Ken Eppstein continues to spotlight his fellow press hungry Indie Creators, this week focusing Keyleaf Comics' prolific young writer and beatnik-lover, James Ninness!
Neck of the Woods: San Diego, CA
Personal Stuff: Wife, two kids and a man-crush on Ray Lewis of the Baltimore Ravens
Day Job: Writer
Years in the Comic Biz: 6
I don’t trust anyone under 30. I think it comes from having waited the past twenty years for a new youth movement to wash away the bad taste “grunge” left in my mouth. Smelled like teen spirit, but tasted like ass. Whatever the reason I’ve come to the point that I think that the “next big thing” will come from the underserved and ignored and that sure as hell ain’t the teen to college aged kids. Youth movement hell! Make way for the coot movement!
Why the tirade? Well, I was a little scared when I pulled up James Ninness’s website and saw what looked like a fresh faced twenty-something. How was I going to get past my personal prejudice and conduct enough of an interview to make a full spotlight? I took a therapeutic route and confronted my own hang up by asking James if he sensed the same generation gap that I did.
“The gap I've noticed in comics, especially since I'm relatively new to the medium, is more of tenure than age.”
James isn’t a lifer in the comic book field. Where most of this column’s readers probably got their love on for comics as kids in the comic shop, or for us old farts, at the newsstand, James came to them late at the urging of a friend who introduced him Preacher, Y the Last Man, Sandman, 100 Bullets and Planetary. These modern classics struck a chord with James and he began to create his own comics. While stodgy types would say that he was proceeding without the benefit of comic book history and lore, James is of the opinion that he is also free from the onus the very same. Since stodgy knows no age barriers, James doesn’t see a generation gap as much a communication fail between the tastes of purists and modern creators making their own fresh path.
That’s a pretty elegant point of view for a whippersnapper. (Alright... Turns out he’s 30... On the cusp of being trustworthy. I’ll ease up a little on the grumpy old man act.)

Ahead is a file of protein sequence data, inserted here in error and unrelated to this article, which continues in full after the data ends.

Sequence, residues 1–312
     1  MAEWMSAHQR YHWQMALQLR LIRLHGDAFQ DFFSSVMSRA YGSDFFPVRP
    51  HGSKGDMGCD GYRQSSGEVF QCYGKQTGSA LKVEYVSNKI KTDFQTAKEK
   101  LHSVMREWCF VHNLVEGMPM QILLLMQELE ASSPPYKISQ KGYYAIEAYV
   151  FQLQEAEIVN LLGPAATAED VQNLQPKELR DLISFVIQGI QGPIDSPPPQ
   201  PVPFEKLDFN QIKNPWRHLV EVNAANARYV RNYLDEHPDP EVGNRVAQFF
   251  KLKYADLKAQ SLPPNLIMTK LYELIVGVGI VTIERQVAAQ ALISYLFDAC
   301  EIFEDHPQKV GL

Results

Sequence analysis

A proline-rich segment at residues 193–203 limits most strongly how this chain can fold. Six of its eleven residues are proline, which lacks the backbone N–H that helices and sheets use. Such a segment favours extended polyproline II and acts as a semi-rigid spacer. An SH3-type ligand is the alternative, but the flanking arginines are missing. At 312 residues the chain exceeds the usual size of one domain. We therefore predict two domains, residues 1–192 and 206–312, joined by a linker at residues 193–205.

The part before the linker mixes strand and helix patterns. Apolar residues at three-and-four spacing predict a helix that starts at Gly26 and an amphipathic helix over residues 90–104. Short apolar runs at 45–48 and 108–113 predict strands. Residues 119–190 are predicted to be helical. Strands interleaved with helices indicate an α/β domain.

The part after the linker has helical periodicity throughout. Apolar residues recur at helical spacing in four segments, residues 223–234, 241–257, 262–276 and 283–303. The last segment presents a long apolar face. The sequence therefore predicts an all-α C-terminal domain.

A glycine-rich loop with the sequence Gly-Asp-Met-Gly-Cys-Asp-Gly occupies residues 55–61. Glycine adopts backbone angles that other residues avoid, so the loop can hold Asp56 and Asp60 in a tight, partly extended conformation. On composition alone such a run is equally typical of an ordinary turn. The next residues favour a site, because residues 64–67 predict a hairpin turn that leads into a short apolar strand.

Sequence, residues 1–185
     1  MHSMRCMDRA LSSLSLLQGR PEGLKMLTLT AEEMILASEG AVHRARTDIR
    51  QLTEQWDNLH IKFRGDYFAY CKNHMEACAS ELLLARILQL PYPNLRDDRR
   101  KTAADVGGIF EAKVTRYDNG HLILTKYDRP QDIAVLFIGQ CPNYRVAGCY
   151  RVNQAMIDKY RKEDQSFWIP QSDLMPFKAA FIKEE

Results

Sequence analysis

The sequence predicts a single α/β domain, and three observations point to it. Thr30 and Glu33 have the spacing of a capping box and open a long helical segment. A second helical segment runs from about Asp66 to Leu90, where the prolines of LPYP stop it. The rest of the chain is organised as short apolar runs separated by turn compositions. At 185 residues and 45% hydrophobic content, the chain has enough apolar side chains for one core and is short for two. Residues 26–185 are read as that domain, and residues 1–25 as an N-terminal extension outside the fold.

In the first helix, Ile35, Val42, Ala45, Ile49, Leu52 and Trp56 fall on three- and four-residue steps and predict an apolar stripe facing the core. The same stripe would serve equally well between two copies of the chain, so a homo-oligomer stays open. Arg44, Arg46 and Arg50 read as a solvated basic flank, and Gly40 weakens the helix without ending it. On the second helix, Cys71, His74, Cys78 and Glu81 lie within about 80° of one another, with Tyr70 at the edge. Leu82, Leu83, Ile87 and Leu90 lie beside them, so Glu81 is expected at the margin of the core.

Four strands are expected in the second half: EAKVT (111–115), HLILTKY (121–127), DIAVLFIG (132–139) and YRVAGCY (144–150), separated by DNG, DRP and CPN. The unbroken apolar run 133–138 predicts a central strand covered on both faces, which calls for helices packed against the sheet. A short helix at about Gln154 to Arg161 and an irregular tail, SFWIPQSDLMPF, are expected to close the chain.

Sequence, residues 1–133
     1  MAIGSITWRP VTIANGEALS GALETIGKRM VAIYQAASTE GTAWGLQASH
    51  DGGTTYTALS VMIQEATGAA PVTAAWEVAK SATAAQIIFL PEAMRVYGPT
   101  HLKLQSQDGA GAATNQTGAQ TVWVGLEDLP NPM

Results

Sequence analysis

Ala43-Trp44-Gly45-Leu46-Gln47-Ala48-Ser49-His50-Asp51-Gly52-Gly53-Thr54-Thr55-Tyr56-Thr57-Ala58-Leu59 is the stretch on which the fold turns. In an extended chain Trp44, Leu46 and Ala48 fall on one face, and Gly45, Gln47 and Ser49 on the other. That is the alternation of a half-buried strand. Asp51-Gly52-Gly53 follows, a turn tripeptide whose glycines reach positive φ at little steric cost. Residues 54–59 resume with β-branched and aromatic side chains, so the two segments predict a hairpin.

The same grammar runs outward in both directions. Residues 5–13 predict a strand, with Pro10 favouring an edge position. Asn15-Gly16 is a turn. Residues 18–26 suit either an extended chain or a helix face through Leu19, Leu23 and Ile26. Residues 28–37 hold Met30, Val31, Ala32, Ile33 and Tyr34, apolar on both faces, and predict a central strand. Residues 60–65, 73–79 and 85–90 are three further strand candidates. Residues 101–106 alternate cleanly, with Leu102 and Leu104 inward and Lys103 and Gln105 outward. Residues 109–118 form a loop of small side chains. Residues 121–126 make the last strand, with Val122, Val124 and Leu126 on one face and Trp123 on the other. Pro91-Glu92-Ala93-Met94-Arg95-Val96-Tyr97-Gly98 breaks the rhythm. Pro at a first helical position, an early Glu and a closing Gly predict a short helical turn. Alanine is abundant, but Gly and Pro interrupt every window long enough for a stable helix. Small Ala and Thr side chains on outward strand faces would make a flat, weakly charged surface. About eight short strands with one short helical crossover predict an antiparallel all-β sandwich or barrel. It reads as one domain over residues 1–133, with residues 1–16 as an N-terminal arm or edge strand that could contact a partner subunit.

My guess is that this sage assessment of the communication problems faced by young comic creators in the modern scene is born from his first love: Beat literature.
“Whether prose (short and novel), plays or poems, I devoured the crazy hippies. There is something organic and raw to the sixties that connects with me, more so than any other era of writing.”
Like many a young male writer smitten by Kerouac and Cassady’s Machismo, James’s draws on this outsider lit for his short story writing and comic writing. In particular, I think prevalent themes of Kerouac's "On the Road" such as travel through the American west, marginalized culture and the struggle between male and female needs are recurring themes in his book Dust, which features an Eastwood-ian main character named Jim Dust (ably drawn by artist John Narcomey) travelling across a desolate post apocalyptic american landscape.
I think what I’m most impressed by is James's productivity. In the short time since gaining his degree in writing, James has produced a considerable catalog of comic book material. Granted, much of it seems to be work product and learning process, but look at it this way: A comic creator’s bibliography can be seen as a solar system with the artist at the center providing energy and life to his stories, represented by circling planets, asteroids and moons. I think that James’s solar system right now is nascent in its formation, loaded with good ideas that are still somewhat loose and spinning in bizarre erratic orbits. (Besides Dust he has his fingers in books titled Mythoi, The Heavens, Drace Grey, Sim-I and webcomic titled The Undergrounds. Phew! Quite the primordial stew.) I look forward to watching his career continue and can’t wait until those loose erratic satellites succumb to the gravity of experience.
How can you get by when your roommate, who you depend on for half the rent and half the shifts at your coffee shop periodically leaves his body to do battle with Lovecraftian evil? Dave Kelly and Lara Antal’s “Tales of the Nightwatchman” is has an outstanding point of view of superhero action as it would apply to the day to day malaise of a work-a-day barista.
Want to be featured in an Indie on Indie spotlight?
The guarantee. I will respond to all requests for press submitted using the form at the link below.
I may not grant you a spotlight, but I’ll take the time to let you know that I appreciate that you’ve created something and are hustling to get the word out about it. Frankly, the inability of the majority of modern “comic press” to take this step is mystifyingly bush league and rude.
Additionally, whether I spotlight you or not, I will probably post your name, comic book title and a website link in the “Honorable Mention” section.